Does Marriage Make You Healthier?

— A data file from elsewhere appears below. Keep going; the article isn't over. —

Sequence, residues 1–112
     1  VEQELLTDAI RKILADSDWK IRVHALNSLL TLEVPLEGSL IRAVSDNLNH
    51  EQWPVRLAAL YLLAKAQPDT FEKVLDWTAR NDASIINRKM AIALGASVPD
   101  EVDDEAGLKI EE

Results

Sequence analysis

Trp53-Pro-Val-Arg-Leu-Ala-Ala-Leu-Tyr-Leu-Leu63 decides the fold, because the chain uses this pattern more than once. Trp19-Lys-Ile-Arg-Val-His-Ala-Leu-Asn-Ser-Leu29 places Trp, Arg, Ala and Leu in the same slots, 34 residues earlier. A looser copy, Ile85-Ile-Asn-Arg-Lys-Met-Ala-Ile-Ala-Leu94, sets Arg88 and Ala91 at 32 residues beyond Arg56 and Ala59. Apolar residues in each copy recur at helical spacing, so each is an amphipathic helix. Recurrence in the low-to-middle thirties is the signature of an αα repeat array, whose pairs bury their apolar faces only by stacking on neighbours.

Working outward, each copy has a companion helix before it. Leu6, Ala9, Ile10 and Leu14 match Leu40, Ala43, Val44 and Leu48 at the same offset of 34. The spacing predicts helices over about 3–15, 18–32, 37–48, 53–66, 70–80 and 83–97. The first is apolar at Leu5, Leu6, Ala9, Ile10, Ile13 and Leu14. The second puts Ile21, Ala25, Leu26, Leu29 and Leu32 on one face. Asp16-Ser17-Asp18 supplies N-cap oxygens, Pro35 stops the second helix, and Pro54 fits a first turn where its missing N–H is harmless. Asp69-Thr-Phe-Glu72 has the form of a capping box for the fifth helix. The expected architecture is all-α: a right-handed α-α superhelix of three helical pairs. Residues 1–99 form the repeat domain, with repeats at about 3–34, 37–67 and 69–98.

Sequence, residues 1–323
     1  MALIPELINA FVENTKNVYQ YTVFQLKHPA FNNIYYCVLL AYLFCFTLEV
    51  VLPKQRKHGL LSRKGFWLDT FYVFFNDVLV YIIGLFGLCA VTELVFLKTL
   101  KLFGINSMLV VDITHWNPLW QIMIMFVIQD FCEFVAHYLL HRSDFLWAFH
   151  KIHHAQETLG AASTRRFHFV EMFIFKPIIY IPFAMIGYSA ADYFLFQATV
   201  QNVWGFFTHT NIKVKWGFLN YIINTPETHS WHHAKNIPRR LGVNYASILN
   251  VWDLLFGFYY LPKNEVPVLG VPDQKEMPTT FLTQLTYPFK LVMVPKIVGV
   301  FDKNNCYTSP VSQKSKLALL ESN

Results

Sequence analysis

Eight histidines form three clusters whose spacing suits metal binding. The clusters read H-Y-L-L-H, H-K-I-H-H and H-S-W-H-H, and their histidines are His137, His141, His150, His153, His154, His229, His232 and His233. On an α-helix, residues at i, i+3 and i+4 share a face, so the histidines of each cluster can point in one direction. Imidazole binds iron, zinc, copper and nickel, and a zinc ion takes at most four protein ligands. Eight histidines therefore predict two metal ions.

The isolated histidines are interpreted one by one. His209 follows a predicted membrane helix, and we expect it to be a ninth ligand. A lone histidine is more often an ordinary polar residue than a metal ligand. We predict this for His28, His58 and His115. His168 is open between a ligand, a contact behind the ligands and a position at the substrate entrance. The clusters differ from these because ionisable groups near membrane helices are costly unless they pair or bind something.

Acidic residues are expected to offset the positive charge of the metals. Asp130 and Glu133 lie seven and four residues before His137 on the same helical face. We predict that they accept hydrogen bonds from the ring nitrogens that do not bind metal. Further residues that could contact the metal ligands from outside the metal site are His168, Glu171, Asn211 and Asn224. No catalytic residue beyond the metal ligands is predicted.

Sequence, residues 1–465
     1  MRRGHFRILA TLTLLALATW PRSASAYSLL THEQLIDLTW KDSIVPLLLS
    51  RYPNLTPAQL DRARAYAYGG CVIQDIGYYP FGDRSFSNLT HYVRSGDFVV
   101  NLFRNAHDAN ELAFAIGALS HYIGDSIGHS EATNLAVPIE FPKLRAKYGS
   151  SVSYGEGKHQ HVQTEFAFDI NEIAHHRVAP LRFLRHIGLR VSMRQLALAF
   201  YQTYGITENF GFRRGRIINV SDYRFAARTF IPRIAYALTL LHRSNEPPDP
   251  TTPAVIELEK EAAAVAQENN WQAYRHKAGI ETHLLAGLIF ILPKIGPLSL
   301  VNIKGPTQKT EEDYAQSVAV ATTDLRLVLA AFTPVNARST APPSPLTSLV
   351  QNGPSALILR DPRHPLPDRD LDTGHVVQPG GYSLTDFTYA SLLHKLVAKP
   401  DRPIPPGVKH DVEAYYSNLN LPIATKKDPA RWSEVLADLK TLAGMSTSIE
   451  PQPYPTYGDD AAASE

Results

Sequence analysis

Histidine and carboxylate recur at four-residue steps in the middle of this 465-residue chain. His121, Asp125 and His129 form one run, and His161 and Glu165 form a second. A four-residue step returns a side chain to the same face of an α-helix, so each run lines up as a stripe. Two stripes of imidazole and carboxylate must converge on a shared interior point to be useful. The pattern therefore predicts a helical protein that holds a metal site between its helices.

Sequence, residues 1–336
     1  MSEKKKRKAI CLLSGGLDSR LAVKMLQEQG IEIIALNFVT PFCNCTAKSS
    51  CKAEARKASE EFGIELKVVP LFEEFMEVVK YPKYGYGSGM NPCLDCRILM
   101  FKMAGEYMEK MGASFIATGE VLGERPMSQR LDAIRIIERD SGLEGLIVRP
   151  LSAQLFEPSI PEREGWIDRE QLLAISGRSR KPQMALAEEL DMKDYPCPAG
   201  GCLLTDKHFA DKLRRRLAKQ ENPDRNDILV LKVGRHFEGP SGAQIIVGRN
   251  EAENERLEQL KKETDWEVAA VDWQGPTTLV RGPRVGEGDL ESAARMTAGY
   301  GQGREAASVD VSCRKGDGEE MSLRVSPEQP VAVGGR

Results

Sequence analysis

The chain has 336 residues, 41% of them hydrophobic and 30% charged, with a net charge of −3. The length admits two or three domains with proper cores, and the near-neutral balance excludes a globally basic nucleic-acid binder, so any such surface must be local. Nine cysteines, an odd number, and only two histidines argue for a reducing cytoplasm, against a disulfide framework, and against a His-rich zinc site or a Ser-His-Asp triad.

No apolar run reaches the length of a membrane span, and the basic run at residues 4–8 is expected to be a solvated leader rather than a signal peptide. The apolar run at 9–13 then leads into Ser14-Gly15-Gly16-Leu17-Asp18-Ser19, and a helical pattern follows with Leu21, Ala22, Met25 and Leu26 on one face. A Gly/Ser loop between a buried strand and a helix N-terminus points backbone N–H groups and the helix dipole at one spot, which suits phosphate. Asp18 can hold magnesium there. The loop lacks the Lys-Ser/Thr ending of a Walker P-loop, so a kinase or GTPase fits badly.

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1 Does Marriage Make You Healthier? By Nezih Guner, Yuliya Kulikova, and Joan Llull This version: October 2014 We use the Panel Study of Income Dynamics (PSID) and the Medical Expenditure Panel Survey (MEPS) to study the relationship between marriage and health for working-age (20 to 64) individuals. In both data sets married agents are healthier than unmarried ones, and the health gap between married and unmarried agents widens by age. After controlling for observables, a gap of about 12 percentage points in self-reported health persists for ages We estimate the marriage health gap nonparametrically as a function of age. If we allow for unobserved heterogeneity in innate permanent health, potentially correlated with timing and likelihood of marriage, we find that the effect of marriage on health disappears at younger (20-39) ages, while about 6 percentage points difference between married and unmarried individuals, about half of the total gap, remains at older (55-59) ages. These results indicate that association between marriage and health is mainly driven by selection into marriage at younger ages, while there might be a protective effect of marriage at older ages. We analyze how selection and protective effects of marriage show up in the data. Keywords: Health, Marriage, Selection. JEL Codes: I10, I12, J10 I. Introduction Married individuals are healthier and live longer than unmarried ones. This fact was first documented by British epidemiologist William Farr more than 150 years ago, and has been established by many studies since then. 1 The question is, of course, why? Does the association between marriage and health indicate a causal effect of marriage on health (what is termed in the literature as the protective effect of marriage), or is it simply an artifact of selection as healthier people are Guner: ICREA-MOVE, Universitat Autònoma de Barcelona and Barcelona GSE ( Kulikova: Universitat Autònoma de Barcelona and Barcelona GSE ( Llull: MOVE, Universitat Autònoma de Barcelona and Barcelona GSE ( joan.llull [at] movebarcelona [dot] eu). We would like to thank Matt Delventhal, Giacomo De Giorgi, Francesco Fasani, Ada Ferrer-i-Carbonell, and workshop and conference participants at the European Meeting of the Econometric Society in Toulouse, the Annual Meetings of the Spanish Economic Association in Santander, Barcelona GSE Winter Workshop, CINCH Summer Academy at the University of Duisburg-Essen, Koç University (Istanbul), Universitat Autònoma de Barcelona for comments. Guner and Llull acknowledge financial support from European Research Council (ERC) through Starting Grant n , and from the Spanish Ministry of Economy and Competitiveness, through the Severo Ochoa Programme for Centers of Excellence in R&D (SEV ) 1 On Farr s study, see Parker-Pope (2010). 1